Benjamin Russell (journalist)

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Benjamin Russell
BenjaminRussell Boston.png
Born(1761-09-13)September 13, 1761
DiedJanuary 4, 1845(1845-01-04) (aged 83)
Occupationpublisher, editor

Benjamin Russell (September 13, 1761 – January 4, 1845) was an American journalist, born in Boston.

Early life[edit]

Benjamin Russell was born on 13 September 1761, son of John Russell, a stonemason. He was educated in the public school in Boston, and as a youth often visited the printing offices of Isaiah Thomas, a newspaper owner with whom he apprenticed in Worcester, Massachusetts. Russel would also join Thomas later in life as a founding member of the American Antiquarian Society in 1812.[1]

Military service[edit]

When the Declaration of Independence was received in Worcester, Russell attempted to enlist in the Continental Army but was refused because he was a minor.[2] Later, in 1780 he was enlisted in the Revolutionary army, taking the place of his employer, Isaiah Thomas, who had received a draft notice. Benjamin's Rev. War Pension Application states, in his own handwriting, that he served as a private. He was never an officer.[3]

While in the army Russell was present at the execution of British spy, Major John André who had been working with American General Benedict Arnold to capture the key base at West Point, New York. Russell was a member of the guard who escorted Andre to his place of execution

Early career[edit]

After the war he began the publication of a semiweekly journal, the Columbian Centinel which commenced publication on 24 March 1784. This paper he controlled for 40 years and, assisted by Fisher Ames, Timothy Pickering, John Lowell, Stephen Higginson, and George Cabot as contributors, made it one of the most influential organs of the Federalist party.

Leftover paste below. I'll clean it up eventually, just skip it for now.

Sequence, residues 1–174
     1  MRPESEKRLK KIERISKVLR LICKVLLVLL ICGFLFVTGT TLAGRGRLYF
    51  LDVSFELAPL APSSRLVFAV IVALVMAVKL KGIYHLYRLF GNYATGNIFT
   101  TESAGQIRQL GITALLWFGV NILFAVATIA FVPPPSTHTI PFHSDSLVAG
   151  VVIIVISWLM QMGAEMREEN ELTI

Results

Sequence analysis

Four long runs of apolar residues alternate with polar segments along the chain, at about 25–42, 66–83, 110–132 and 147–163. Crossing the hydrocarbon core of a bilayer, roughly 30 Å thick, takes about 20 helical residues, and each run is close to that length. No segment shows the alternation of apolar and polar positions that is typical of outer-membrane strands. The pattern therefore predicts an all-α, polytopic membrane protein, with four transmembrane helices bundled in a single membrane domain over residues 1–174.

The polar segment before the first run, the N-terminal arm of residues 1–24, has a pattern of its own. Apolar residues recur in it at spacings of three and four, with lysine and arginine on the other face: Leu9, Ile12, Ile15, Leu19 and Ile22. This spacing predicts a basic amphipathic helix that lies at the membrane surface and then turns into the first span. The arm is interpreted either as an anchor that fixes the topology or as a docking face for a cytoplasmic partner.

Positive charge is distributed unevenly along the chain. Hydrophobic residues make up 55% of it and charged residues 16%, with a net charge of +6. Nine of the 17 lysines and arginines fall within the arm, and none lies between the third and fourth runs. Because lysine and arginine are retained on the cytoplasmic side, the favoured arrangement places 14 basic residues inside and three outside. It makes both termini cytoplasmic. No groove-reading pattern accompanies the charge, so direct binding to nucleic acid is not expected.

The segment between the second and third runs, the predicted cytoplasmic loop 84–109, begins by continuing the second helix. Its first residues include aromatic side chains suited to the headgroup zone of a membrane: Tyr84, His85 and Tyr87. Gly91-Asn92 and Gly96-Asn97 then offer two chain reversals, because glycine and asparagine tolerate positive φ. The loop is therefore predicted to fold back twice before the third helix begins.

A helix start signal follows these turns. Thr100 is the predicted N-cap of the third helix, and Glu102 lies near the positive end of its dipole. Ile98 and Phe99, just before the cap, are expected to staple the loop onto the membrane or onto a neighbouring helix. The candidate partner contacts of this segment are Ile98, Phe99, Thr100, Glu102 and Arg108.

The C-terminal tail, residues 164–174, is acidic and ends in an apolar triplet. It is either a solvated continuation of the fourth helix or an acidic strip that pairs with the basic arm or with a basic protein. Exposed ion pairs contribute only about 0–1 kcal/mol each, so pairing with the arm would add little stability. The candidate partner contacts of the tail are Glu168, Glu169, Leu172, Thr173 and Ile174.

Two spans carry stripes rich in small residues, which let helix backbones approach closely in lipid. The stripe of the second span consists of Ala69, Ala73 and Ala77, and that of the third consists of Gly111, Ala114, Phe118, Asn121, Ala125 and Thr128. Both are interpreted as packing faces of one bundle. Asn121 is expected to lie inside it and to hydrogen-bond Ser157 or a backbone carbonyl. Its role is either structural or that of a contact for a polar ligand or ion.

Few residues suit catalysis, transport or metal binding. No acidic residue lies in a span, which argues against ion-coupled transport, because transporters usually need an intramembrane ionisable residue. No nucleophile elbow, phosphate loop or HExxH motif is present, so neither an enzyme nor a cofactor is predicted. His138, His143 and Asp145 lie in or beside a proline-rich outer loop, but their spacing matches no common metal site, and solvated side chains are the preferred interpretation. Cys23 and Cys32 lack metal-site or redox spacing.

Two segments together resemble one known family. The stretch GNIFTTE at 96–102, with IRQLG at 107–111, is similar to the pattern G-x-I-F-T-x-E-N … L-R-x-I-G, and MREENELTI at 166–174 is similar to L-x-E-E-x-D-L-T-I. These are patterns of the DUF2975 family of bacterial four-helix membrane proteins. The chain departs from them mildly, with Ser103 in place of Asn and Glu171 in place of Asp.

Russell and William Warden first published the Massachusetts Centinel beginning in 1784. In 1785 Ben became the sole publisher and changed the name to the Columbian Centinel.[4] Staff included Samuel Gilbert and Thomas Dean.[5]

Political office[edit]

Russell coined the expression "Era of Good Feeling" on the occasion of President Monroe's visit to Boston in 1817.

He was one of the aldermen of Boston, was a representative to the General Court, State Senator for a number of years, was one of the Governor's Council, and in 1820 was a member of the Massachusetts Constitutional Convention.

Late career[edit]

He resigned as editor of the Centinel in 1828, but until 1830 continued to edit the Boston Gazette, which he had established in 1795. Russell died on 4 January 1845 at age 84.


  1. ^ American Antiquarian Society Members Directory
  2. ^ Bridgman, Thomas; Everett, Edward (1856). The Pilgrims of Boston and their descendants. New York: Appleton & Co. p. 249. Retrieved 30 April 2009.
  3. ^ Mass Rev. War Pension Application S 30685
  4. ^ The Twentieth Century Biographical Dictionary of Notable Americans.
  5. ^ Samuel Gilbert and Thomas Dean later opened their own publishing firm, Gilbert & Dean. Cf. Oliver Ayer Roberts. History of the Military Company of the Massachusetts, now called the Ancient and Honorable Artillery Company of Massachusetts. 1637-1888. Boston: A. Mudge & Son, 1897; p.331.

Further reading[edit]